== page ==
Thailand's Heir Presumptive

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Adelaide
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Thailand's Heir Presumptive

Postby Adelaide » Thu Oct 20, 2016 11:34 am

BANGKOK – Last December, Crown Prince Maha Vajiralongkorn led hundreds of fellow Thais on an 18-mile bicycle ride through central Bangkok as thousands more lined the streets to watch. The “Bike for Dad” celebrated the 88th birthday of the ailing King Bhumibol Adulyadej, but it also was designed to showcase the prince, to help endear him to the people whose monarch he was destined to become.

Why? The government and royal palace apparently were keen to rehabilitate the prince’s image as an eccentric, remote man who prefers a life of hedonism—parties, expensive cars, girlfriends, shopping, and jet-setting—in his luxurious home in Germany to overseeing mundane affairs of state in Thailand.

That image makeover has become urgent now that King Bhumibol is dead and Vajiralongkorn, 64, is poised to succeed him. While the late monarch was beloved, cherished as the father of the nation and lionized as a selfless campaigner on behalf of his subjects, the prince is regarded with bafflement, indifference, even some hostility.


Will Thailand's Presumptive King Vajiralongkorn Give up Playboy Life? - The Daily Beast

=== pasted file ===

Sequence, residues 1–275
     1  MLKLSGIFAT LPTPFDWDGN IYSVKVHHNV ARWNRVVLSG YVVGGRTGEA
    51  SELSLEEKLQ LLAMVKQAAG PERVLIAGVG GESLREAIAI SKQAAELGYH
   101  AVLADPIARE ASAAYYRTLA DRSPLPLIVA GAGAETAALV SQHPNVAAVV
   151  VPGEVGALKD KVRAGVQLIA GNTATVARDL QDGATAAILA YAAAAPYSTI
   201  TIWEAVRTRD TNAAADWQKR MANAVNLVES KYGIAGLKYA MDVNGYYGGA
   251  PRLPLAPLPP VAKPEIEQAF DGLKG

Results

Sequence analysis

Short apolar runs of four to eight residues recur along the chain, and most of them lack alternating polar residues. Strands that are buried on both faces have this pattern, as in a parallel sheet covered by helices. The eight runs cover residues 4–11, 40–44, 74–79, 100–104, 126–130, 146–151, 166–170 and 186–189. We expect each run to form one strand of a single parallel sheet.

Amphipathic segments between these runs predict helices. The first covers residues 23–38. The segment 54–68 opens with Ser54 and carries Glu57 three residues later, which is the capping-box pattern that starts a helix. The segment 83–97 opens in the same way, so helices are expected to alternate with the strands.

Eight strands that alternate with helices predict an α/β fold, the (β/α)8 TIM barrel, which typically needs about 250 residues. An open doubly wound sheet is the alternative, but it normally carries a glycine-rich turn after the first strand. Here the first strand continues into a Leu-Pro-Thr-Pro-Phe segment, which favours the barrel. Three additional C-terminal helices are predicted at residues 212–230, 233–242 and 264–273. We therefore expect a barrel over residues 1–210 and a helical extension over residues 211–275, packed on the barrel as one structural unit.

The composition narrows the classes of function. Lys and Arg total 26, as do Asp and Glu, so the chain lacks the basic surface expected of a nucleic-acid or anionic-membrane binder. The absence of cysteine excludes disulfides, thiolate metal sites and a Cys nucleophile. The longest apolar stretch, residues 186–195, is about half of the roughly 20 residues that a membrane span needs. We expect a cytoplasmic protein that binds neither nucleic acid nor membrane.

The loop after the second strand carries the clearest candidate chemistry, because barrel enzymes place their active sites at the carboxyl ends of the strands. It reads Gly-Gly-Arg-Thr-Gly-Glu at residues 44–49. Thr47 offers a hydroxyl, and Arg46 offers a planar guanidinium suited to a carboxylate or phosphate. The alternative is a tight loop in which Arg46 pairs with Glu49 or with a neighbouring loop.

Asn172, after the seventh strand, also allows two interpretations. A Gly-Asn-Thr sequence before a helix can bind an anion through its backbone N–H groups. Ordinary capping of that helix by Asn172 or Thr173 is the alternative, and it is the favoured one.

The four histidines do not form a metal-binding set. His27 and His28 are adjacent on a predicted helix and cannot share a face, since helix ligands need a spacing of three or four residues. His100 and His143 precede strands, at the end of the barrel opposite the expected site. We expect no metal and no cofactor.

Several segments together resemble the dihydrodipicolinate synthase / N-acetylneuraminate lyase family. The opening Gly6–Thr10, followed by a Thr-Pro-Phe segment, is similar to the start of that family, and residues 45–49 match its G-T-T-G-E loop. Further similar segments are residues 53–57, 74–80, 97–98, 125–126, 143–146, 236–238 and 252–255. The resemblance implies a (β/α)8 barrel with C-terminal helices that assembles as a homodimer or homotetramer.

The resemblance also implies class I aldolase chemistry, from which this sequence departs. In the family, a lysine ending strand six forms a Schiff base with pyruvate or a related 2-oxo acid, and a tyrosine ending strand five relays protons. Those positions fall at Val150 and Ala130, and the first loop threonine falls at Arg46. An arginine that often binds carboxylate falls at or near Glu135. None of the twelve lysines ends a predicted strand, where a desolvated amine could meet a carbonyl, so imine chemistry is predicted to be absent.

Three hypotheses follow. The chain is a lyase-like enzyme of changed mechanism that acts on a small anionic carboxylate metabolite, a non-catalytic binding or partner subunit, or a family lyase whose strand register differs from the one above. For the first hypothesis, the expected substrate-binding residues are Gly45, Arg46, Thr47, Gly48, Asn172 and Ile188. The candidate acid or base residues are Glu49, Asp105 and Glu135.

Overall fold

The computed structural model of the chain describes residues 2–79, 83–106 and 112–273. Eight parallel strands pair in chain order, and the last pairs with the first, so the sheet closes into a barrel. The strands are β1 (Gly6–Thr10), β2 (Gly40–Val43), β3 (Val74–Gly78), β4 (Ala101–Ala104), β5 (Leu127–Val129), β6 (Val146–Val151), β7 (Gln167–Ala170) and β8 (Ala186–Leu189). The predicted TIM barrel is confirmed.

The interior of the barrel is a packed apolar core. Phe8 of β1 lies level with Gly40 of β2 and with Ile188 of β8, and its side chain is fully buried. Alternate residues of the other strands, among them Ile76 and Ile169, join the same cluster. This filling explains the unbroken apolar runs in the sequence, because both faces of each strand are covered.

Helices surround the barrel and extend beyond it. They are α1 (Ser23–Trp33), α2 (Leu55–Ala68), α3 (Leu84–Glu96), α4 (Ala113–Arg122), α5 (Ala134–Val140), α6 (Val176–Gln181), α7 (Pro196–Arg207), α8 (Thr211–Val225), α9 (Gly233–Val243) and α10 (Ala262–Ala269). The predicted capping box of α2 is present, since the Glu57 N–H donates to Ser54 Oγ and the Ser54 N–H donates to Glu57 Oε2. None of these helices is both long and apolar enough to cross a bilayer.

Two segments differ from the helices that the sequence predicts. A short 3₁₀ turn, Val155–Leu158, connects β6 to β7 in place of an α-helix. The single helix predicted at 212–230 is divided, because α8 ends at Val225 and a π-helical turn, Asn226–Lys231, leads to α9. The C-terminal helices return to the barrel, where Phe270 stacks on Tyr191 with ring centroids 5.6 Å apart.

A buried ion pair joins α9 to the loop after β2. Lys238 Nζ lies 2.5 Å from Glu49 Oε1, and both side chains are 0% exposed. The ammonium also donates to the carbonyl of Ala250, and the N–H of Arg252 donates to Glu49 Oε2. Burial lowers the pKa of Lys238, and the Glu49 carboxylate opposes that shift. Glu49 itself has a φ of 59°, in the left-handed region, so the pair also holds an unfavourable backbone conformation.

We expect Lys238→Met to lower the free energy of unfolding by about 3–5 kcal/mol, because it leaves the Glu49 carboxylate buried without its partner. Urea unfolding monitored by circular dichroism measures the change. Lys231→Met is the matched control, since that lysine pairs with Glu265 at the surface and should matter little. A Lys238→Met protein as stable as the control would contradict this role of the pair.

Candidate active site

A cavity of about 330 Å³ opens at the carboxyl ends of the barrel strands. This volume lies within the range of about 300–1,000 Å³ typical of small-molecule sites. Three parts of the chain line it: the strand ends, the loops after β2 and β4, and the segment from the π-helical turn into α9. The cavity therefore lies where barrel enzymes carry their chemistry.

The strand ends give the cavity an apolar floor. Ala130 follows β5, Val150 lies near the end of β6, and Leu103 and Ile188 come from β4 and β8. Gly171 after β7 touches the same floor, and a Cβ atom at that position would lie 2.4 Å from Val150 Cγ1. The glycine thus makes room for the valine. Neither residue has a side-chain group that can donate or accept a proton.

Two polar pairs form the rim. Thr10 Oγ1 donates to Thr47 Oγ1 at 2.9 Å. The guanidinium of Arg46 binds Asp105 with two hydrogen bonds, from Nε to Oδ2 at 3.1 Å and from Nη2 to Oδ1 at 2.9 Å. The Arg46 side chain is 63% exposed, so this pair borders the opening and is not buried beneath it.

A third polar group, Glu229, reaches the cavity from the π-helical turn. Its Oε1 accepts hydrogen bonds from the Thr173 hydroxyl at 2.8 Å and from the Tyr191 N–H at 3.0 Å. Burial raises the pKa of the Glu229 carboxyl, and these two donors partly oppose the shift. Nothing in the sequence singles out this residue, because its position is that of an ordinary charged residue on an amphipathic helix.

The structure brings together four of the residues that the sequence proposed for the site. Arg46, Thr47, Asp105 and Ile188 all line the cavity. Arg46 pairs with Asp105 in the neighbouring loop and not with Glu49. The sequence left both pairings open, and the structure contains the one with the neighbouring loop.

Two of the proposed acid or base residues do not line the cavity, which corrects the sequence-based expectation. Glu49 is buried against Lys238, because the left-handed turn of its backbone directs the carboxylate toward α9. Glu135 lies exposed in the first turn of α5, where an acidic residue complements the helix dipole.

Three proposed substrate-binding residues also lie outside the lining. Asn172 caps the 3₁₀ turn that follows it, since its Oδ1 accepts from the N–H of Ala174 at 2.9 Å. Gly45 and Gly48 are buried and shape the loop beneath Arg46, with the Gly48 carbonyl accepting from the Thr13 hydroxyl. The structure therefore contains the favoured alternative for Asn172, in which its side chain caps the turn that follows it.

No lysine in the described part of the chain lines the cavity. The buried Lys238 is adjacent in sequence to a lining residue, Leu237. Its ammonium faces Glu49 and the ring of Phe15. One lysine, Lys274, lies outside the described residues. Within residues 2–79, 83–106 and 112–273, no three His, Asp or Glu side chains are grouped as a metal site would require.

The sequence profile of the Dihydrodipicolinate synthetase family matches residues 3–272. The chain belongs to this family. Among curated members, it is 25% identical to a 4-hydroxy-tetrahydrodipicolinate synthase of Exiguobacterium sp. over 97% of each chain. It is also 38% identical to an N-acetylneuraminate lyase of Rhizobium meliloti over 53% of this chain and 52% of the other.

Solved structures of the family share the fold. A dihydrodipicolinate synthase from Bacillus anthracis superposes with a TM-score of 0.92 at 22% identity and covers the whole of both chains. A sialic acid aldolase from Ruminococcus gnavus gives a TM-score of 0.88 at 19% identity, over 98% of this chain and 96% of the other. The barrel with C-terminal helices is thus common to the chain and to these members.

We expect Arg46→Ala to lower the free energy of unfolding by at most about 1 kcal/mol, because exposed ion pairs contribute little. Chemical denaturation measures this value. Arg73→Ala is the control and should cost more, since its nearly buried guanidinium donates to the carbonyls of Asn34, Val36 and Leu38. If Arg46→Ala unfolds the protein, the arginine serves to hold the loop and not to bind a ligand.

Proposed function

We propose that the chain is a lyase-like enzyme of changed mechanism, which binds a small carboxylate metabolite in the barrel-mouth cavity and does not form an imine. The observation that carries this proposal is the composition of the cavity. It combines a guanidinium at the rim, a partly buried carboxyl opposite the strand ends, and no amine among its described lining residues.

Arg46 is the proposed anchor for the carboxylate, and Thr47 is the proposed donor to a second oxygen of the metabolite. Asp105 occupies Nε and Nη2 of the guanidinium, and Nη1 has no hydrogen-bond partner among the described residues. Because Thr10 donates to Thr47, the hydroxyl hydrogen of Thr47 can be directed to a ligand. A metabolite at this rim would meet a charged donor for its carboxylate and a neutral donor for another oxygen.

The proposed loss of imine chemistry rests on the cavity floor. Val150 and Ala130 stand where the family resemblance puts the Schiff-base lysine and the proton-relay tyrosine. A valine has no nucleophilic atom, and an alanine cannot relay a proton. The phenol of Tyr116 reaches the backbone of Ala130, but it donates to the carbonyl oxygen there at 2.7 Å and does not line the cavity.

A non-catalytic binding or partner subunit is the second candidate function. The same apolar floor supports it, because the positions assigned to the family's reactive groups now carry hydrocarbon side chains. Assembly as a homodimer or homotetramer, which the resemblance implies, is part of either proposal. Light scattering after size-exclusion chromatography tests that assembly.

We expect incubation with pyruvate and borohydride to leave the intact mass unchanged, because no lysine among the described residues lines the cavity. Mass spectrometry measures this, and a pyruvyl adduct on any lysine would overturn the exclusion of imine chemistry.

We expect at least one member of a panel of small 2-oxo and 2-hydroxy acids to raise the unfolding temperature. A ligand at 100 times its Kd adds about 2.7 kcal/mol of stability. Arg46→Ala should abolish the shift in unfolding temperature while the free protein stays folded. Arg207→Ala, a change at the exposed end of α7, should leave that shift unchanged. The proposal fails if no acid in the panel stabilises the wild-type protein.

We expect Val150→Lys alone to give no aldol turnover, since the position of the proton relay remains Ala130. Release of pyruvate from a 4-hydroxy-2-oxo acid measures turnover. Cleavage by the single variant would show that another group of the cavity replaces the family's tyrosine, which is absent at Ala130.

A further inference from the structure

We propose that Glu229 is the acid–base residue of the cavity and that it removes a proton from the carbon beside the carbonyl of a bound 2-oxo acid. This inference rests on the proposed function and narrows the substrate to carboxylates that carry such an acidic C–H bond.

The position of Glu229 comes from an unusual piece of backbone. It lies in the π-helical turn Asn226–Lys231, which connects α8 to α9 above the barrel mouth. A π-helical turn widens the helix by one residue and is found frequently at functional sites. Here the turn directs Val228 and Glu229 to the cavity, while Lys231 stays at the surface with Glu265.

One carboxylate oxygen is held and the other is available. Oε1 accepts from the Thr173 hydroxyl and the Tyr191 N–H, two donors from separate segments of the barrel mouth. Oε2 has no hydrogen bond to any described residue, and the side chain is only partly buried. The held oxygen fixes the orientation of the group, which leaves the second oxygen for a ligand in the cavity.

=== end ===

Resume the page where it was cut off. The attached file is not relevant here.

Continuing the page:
Interesting. I don't think that I read about the death of the King. It would seem they were already trying to get Vajiralongkorn in a better place for PR purposes prior to the death of the king.

If I were Crown Prince of Thailand, that would be like super cool for a few months, but then I would totally ditch Thailand for Europe. Vajiralongkorn had the right idea before he became the next King.

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Re: Thailand's Heir Presumptive

Postby Sweetchuck » Thu Oct 20, 2016 11:38 am

That king represented all that is wrong with humanity.

He kept that country stupid and dependent - just like what the establishment left is doing here.
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Re: Thailand's Heir Presumptive

Postby Peter1469 » Thu Oct 20, 2016 2:45 pm

The Royal family is generally respected in Thailand. They of course have had serious problems with rebel movements for decades.


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